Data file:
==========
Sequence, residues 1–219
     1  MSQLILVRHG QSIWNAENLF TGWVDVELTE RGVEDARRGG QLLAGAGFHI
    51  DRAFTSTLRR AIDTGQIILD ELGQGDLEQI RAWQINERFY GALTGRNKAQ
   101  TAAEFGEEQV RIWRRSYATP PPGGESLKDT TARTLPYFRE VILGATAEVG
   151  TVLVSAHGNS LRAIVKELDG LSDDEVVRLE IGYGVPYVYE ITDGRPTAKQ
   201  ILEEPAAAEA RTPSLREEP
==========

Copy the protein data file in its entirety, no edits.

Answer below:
Sequence, residues 1–219
     1  MSQLILVRHG QSIWNAENLF TGWVDVELTE RGVEDARRGG QLLAGAGFHI
    51  DRAFTSTLRR AIDTGQIILD ELGQGDLEQI RAWQINERFY GALTGRNKAQ
   101  TAAEFGEEQV RIWRRSYATP PPGGESLKDT TARTLPYFRE VILGATAEVG
   151  TVLVSAHGNS LRAIVKELDG LSDDEVVRLE IGYGVPYVYE ITDGRPTAKQ
   201  ILEEPAAAEA RTPSLREEP